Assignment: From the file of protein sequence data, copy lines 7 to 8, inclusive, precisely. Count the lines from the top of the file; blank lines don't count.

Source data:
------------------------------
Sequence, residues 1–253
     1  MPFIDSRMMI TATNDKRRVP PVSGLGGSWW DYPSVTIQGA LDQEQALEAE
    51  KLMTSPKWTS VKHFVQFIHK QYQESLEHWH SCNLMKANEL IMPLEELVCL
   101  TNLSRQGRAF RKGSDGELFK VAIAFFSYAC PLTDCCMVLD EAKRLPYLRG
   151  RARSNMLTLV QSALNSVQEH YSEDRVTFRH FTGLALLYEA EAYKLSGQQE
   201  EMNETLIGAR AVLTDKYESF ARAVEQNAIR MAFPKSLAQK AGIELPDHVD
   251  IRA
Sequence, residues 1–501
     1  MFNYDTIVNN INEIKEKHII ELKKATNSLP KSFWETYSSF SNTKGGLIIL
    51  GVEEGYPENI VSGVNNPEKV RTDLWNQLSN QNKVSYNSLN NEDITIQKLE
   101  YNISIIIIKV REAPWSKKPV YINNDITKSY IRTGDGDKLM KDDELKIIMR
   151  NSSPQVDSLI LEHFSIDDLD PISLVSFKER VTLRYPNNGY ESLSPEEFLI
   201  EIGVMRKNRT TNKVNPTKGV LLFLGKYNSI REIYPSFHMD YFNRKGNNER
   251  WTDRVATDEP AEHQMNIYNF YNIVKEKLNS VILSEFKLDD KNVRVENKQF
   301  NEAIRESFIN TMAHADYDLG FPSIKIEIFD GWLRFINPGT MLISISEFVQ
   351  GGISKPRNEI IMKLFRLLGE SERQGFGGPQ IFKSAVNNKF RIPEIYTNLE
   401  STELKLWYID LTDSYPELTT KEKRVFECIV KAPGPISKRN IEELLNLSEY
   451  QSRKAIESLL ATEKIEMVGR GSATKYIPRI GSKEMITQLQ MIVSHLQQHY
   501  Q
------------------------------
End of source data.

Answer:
   251  IRA
Sequence, residues 1–501